Metallica show up at Rasputin Music on Record Store Day. - Rolling Stone
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Metallica Talk New LP, U.S. Tour at Frenzied Record Store Day

Metallica didn’t perform an impromptu parking lot set as some had hoped they would Saturday during the first annual Record Store Day, yet cheers rang out, tears fell and metal reigned during an epic six-hour marathon of autograph-signing, chatting and pictures.

Ending a grubby, shivering, boozy three-day parking lot camp-out for 400 fans, Rasputin Music and DVDs in Mountain View, CA near San Jose opened its doors at 10:30 a.m. to give away hundreds of RSD commemorative posters, T-shirts, and CDs. Songs from Master of Puppets, Kill Em All and Ride the Lightning played. James Hetfield, Lars Ulrich, Kirk Hammett and 2003 addition on bass Robert Trujillo arrived individually by black towncar at 2 p.m. to commune with the black-clad throng, assembled from as far away as Australia and Japan. The screaming, bird-flipping hordes chased each car into Rasputin’s loading area, and surrounded the strip-mall building, awaiting a chance to asked their idols about American tour dates (“September,” said Hetfield) and vocals on the new album (“I’m working on ’em,” Hetfield promised). Others asked when they could hear the first new Metallica album in five years, produced by Rick Rubin (“This fall,” said Trujillo).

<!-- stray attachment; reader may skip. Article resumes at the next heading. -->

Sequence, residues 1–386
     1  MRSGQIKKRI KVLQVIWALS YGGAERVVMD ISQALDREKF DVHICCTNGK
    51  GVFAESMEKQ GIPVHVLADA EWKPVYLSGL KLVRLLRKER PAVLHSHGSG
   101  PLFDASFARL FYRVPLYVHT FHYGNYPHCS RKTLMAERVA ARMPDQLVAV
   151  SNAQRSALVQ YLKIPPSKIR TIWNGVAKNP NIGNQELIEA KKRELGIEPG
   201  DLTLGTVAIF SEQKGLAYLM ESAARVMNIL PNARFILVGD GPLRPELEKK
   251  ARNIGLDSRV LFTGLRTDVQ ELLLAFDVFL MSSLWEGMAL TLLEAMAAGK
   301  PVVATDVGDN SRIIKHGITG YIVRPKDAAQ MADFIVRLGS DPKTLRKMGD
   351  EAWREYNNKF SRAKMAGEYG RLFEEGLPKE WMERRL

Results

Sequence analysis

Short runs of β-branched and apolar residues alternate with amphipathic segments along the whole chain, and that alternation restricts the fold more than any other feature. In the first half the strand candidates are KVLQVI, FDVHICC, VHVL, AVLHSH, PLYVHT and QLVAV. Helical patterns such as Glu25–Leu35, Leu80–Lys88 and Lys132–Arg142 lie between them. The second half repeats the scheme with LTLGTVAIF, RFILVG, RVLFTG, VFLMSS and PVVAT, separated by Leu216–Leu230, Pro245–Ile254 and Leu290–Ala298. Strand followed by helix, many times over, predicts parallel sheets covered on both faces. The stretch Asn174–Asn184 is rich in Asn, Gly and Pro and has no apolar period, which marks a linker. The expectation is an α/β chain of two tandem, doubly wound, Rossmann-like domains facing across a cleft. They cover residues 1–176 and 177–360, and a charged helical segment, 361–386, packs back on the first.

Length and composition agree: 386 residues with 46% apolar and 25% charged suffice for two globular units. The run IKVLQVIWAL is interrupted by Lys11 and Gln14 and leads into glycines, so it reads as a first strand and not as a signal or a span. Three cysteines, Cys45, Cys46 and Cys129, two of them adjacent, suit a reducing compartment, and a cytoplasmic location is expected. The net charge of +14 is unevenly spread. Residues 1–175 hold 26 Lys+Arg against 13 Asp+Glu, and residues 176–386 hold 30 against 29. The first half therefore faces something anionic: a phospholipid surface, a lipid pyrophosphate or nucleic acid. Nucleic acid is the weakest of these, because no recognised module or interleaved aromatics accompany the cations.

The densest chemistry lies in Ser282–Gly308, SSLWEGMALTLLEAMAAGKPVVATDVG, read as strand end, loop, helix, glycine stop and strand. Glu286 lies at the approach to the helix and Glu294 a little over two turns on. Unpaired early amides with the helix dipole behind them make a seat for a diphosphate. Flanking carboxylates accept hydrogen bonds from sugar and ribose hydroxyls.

Ulrich sat at the front of the greeting table, the first to sign hundreds of Lightning vinyl records, Hetfield signature ESP Truckster guitars and more than a dozen plastic Guitar Hero controllers from the multiplatinum-selling video game. Lars laughed and commented, “I can only play one song, [Black Sabbath’s] “Paranoid” on ‘Expert’.” Meanwhile, Hetfield marveled as he signed sepia-toned, twenty-two-year-old Master of Puppets tour posters, or a full-sized back tattoo of the band’s logo, now adorned with four signatures the super fan intended to get immediately inked. “I couldn’t even speak,” said twenty-year-old San Jose, CA resident Ken Sapp.”It was the best experience of my life.”

Record Store Day co-founder Michael Kurtz of Los Angeles, CA. said nearly 600 stores internationally were hosting similar events in conjunction with bands like Björk, Vampire Weekend, A-Trak and Thrice. The Comic Book Store Day-inspired event came together late last year, and has hit a pop culture nerve, he said. RSD’s Web site recently surged to prominence, enduring a crippling hacker attack and hundreds of thousands of page view this month. “It’s been kind of shocking for us,” says Kurtz. “It’s just snowballed to the point where the Governor of Maine proclaims April 19th Record Store Day. Same with the Scottish Parliament. It feels like the beginning of something. Rumors of the death of the independent record store have been highly exaggerated.”

Metallica play European dates this summer after a one-off show in Tuscon, AZ, May 16th, and are expected to tour North America in the fall.


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